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The Role of Wetland, Riparian, and Floodplain Water Storage in Montana’s Water Supply Initiative in the context of a warming climate Montana Wetland Council Meeting 3-26-14. Lynda Saul, MDEQ Bruce Sims, USFS. Values.

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The Role of Wetland, Riparian, and Floodplain Water Storage in Montana’s Water Supply Initiativein the context of a warming climateMontana Wetland Council Meeting3-26-14

Lynda Saul, MDEQ

Bruce Sims, USFS

  • Wetlands feed downstream waters, mitigate floodwaters, recharge groundwater supplies, remove pollution, provide fish and wildlife habitat, and extend the periods of available water.
climate change sets the context global temperatures are increasing
Climate Change Sets the Context globaltemperatures are increasing

In 2010, global temperatures continued to rise. A new analysis from the Goddard Institute for Space Studies shows that 2010 tied with 2005 as the warmest year on record and was part of the warmest decade on record. (Image credit: NASA/Earth Observatory/Robert Simmon)


Glacial Retreat in Glacier National ParkPredictions suggest all glaciers in Glacier National Park will have melted by 2030.Should the name then be changed to Glaciated National Park?


River flows in Montana depend mostly on snow pack, infiltration of melted snow into soil surfaces, and ground water movement to streams.

  • Snow packs may be melting earlier.
  • Total water in the snow packs may be on the decline.
snow water equivalent trends
Snow Water Equivalent Trends
  • Throughout western United States – 72% of stations show a decline in April 1 snow water equivalent.
  • Klos et al., 2012. Indicators of Climate Change in Idaho: The intersection of biophysical change with social perception across a diverse landscape. Paper presented at the Pacific Northwest Climate Conference, Boise, Idaho, 10/02/2012.

Declining summer flows of Rocky Mountain rivers: Changing seasonal hydrology and probable impacts on Floodplain forestsSteward B. Rood, Jason Pan, Karen M. Gill, Carmen G. Franks, Glenda M. Samuelson, Anita ShepherdJournal of Hydrology 2008


Earlier runoff may force construction of more storage reservoirs & heavier reliance on ground water.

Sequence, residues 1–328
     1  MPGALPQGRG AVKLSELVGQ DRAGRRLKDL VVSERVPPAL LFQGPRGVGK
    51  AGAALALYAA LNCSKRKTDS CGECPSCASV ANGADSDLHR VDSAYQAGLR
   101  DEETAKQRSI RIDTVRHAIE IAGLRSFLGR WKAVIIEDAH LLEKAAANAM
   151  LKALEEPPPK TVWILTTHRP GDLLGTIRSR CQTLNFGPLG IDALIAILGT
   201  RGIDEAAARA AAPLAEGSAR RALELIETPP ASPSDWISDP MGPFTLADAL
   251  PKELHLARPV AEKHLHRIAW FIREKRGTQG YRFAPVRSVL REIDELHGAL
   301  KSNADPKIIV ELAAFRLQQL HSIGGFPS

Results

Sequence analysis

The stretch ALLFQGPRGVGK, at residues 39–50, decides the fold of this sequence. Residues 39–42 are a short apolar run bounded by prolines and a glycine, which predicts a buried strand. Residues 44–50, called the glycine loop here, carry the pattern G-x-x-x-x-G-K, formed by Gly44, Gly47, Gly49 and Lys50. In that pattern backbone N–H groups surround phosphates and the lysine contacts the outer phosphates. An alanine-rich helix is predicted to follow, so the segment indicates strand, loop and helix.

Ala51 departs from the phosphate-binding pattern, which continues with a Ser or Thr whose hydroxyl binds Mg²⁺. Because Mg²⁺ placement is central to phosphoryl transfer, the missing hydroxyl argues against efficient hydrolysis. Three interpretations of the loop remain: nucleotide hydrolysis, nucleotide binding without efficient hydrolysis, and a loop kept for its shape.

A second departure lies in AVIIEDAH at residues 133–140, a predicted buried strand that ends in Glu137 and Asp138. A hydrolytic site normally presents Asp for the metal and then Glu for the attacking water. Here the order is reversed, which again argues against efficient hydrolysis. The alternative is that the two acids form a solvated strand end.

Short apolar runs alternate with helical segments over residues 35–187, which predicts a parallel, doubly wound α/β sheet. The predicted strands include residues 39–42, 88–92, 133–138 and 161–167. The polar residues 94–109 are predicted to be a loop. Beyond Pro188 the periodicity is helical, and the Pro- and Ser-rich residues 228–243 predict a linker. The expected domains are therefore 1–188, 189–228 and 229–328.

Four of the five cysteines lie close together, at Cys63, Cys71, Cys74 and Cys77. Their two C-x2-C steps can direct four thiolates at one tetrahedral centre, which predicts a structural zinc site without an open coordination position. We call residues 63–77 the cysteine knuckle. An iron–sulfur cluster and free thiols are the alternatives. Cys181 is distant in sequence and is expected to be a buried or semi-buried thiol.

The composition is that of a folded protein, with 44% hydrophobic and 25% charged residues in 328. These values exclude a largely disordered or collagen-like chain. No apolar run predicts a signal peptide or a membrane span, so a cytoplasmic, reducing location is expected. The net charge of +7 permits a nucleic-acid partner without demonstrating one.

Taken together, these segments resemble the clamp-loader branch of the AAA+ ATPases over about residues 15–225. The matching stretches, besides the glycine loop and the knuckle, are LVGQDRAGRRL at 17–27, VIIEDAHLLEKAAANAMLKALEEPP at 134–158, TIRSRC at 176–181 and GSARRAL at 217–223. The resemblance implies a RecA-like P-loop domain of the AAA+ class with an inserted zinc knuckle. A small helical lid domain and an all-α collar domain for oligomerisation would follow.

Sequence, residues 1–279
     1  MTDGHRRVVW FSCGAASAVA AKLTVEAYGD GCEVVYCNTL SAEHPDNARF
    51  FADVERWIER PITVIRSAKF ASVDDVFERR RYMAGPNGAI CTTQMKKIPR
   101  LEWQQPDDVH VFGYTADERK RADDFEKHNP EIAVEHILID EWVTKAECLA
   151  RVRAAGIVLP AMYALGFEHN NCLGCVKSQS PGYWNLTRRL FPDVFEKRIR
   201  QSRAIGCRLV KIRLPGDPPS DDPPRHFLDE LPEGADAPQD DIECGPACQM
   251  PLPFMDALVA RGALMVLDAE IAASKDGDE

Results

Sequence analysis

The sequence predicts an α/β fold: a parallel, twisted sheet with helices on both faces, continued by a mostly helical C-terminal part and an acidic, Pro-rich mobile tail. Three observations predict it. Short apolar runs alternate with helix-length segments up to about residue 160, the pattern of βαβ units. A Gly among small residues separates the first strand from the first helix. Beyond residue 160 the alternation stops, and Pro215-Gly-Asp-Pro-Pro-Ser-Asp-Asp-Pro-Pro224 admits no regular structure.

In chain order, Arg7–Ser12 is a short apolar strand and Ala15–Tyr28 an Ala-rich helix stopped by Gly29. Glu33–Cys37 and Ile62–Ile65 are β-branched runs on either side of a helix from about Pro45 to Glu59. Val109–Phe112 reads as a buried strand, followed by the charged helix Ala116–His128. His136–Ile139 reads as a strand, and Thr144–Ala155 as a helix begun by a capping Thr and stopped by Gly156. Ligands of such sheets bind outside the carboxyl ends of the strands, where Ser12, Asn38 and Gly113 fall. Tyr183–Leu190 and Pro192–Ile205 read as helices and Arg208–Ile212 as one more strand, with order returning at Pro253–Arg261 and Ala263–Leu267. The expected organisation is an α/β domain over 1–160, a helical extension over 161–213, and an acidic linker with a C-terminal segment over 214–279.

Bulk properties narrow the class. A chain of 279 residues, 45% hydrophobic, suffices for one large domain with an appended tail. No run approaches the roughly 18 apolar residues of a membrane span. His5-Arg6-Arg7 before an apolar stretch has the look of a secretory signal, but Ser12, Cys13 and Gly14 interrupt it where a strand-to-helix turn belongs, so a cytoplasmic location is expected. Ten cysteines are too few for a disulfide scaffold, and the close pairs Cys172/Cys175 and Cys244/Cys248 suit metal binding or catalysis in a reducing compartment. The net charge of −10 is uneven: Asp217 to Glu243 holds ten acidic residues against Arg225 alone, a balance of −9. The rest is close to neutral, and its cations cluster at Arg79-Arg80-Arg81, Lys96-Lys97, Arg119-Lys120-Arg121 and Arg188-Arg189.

• Encouraging natural riparian floodplains and wetlands “natural infrastructure” can complement built infrastructure or even preclude the need for new construction.
low regime and scale
low Regime, and scale.
  • Percentage of increase (relative to 1950 to 2003) in median area burned for Western United States ecoprovinces for a 1 °C temperature increase. Color intensity is proportional to the magnitude of the projected increase in area burned (PNW=GTR-870, Peterson, D, and J.S. Littell).

Fire even without a warming climate can cause earlier snow melt…Copper Bottom snow water equivalent as compared to other Snotel sites before fire in 2000 vs. Copper Bottom after fire in 2006NRCS figures from Scott Oviatt


Multiple studies show that total discharge increases from relatively small research watersheds are statistically significant when ~20 to 25% of a basal area is removed from forests.

    • Basal area reduction may happen by mechanical treatment, wind, insect and disease, or by fire.
      • Insects and fire are now reducing basal area on 10s of thousands of acres.
    • Duration of water yield increase is related to the vegetative recovery rate.
middle fork boise river watershed area 830 square miles 45 burned between 1992 2003
Middle Fork Boise River Watershed Area - 830 square miles45% burned between 1992 & 2003
  • Runoff increase of ~5% is attributed to fires.
  • Runoff had declined ~18% since 1948.
  • Basin scale flooding did not increase.

Luce and others, USDA Forest Service RMRS-GTR-290. 2012.


Water Yield

  • Farnes, Phillip E., Ward W. McCaughey, Katherine J. Hansen. 1995. Hydrologic and Geologic Characterization of Tenderfoot Creek Experimental forest, Montana. U.S.D.A. Forest Service Intermountain Research Station and Montana State University, Department of Earth Sciences. Final report RJVA-INT-92734.

Farnes, Phillip E., Ward W. McCaughey, Katherine J. Hansen. 1995. Hydrologic and Geologic Characterization of Tenderfoot Creek Experimental forest, Montana. U.S.D.A. Forest Service Intermountain Research Station and Montana State University, Department of Earth Sciences. Final report RJVA-INT-92734.


Effects of Alternative Silvicultural Treatments on Snow Accumulation in Lodgepole Pine Stands, MontanaS.W.Woods, W. Mcaughey, R.Ahl, and J. SappingtonWestern Snow Conference, 2004.

  • ~60% of basal area was removed using two treatments in the Tenderfoot Creek Experimental Forest and compared against the uncut control:
    • Even thinning
    • Group-retention thinning (<2 hector corridor-like openings)
results from woods and others
Results from Woods and Others
  • Even thinning treatment significantly increased snow water equivalent, up to 35% as compared to the control.
  • Group retention did not significantly increase snow water equivalent.
    • Wind scour is likely the reason, some bare areas were observed.